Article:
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Gunboat Diplomacy Rules the Seas


December 29, 2007

Customs officers fire a machine-gun on board Oceanic Viking
Customs officers fire a machine-gun on board Oceanic Viking, which is shadowing the Japanese whaling fleet. Australian Customs Photo: Australian Customs

Australia's deployment of an armed ship to monitor whaling is part of a bigger political picture, writes Andrew Darby.

Take a group of fit young paramilitary Australians, give them a need to let off steam while they policed a beat in the vast Southern Ocean, and a big ship to do it on.

What did they come up with? Dodgeball.

In a former life, the Australian fisheries patrol ship Oceanic Viking, now tasked with chasing Japanese whalers, was a cable layer. It carried long lines of undersea cable, coiled in tall cylindrical holds amidships.

A new use was found for these empty steel-lined spaces by the Customs officers keen to stay sharp for work, like the armed boarding of an illegal fishing vessel on the high seas: they climbed in and tossed a ball around.

Imagine it. Not only do you have to anticipate the ship's movement on the ocean, you have to dodge another man's throw as the ball bounces off the rounded steel walls.

Oceanic Viking's dodgeball games were disclosed to the Herald when the ship called into Hobart after arresting the illegal fisher Taruman. The Cambodian-flagged ship was caught near sub-Antarctic Macquarie Island with 130 tonnes of prized Patagonian toothfish on board.

The 9000-tonne Viking also has some more regular features of a patrol ship: there is a confinement deck, where an entire crew can be locked up in basic comfort; a dazzling array of electronic surveillance equipment, and machine-gun mounts just forward of the bridge. As the seaborne pursuit of the Japanese whaling fleet by another country is taken up for the first time, experience with dodgeball should count for what lies ahead. Australia will score a hit if it captures video evidence of whales being killed and slaughtered as any footage is sure to be used in international legal action.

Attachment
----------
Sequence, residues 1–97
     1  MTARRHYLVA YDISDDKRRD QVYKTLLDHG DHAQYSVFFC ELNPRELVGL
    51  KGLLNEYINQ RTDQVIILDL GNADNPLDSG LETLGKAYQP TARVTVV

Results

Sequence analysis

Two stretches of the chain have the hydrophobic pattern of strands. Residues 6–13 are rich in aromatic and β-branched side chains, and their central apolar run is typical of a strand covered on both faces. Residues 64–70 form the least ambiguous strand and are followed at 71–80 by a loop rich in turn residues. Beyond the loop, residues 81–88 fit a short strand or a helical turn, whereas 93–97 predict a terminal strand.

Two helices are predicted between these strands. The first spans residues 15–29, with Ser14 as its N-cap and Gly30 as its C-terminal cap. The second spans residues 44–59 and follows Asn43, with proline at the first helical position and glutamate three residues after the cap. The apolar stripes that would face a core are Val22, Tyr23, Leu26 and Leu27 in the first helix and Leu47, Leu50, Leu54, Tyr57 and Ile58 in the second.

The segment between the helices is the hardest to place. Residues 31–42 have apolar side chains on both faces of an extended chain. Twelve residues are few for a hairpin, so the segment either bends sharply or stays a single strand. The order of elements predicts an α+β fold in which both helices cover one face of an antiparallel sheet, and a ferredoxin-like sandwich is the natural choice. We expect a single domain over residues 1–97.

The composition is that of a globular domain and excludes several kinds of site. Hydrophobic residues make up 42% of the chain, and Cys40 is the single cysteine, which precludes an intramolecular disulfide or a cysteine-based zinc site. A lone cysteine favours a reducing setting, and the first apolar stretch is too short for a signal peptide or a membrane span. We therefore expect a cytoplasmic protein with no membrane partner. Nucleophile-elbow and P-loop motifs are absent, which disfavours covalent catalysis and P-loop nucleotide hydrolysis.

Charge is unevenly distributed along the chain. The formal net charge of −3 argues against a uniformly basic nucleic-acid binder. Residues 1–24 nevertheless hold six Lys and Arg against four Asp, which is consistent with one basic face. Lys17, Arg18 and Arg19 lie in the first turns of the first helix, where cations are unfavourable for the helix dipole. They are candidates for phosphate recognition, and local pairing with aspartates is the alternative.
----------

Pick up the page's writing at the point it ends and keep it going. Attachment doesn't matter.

Other players have different goals. Greenpeace intends to intervene against the whalers, and to record the whaling activities to spread a message about the cruelty. Sea Shepherd wants to attack the whaling fleet and stop it. The Japanese fleet just wants to dodge any of this attention.

All of this is taking place within the framework of a much larger political game. Japan's pre-Christmas decision to drop humpback whales from its hunt, for now, is intimately linked to an international shift back towards commercial whaling, details of a deal between the US and Japan show.

Japanese Attack
Nisshin Maru - Whale Slaughtering Mother Ship

The fleet's six ships left their home port on November 18, planning to hunt up to 935 minke whales, 50 endangered fin whales and 50 threatened humpbacks, the latter from stocks that migrate up and down along the Australian coastline.

It was to be the first full season of a "scientific research" program known as JARPA II and intended to run for many years. Japan argues that whales should be treated like any other marine resource, and its research program is needed to understand the resource so that it can be preserved for use by future generations. Its Foreign Affairs Minister, Masahiko Koumura, said it was entirely legal. "I do not think there are any problems with Japan's actions," he said.

Opponents of JARPA II think it a sham designed to allow a disguised commercial operation, despite a long-standing international moratorium prohibiting this industry. "Australia strongly believes there is no credible scientific justification for the hunting of whales," the Rudd Government said while announcing its policy to stop the "senseless and brutal" practice.

Until now, opposition on the water has been confined to protests by Sea Shepherd and Greenpeace, which have meant hazards enough for the Japanese fleet. In the past two summers, whalers' ships have been involved in four collisions. Last January, two maydays were issued, and an ageing factory ship, Nisshin Maru, caught fire, resulting in the death of a crewman.

This year Japan's heightened sensitivity to its fleet's movements was clear when Nisshin Maru eluded the Greenpeace ship Esperanza on leaving port in Shimonoseki. Greenpeace says the Japanese navy co-operated with the whalers to offer a sophisticated night-time decoy, and it worked. Only at dawn did the Greenpeace crew realise they were pursuing a naval ship; Nisshin Maru was nowhere to be seen.


Greenpeace Protests Japanese FAKE Research to Nisshin Maru

After that, the fleet is believed to have formed, steamed through Indonesia's Lombok Strait and down through the Indian Ocean to begin whaling in a zone that stretches from below Africa, eastwards to beneath New Zealand.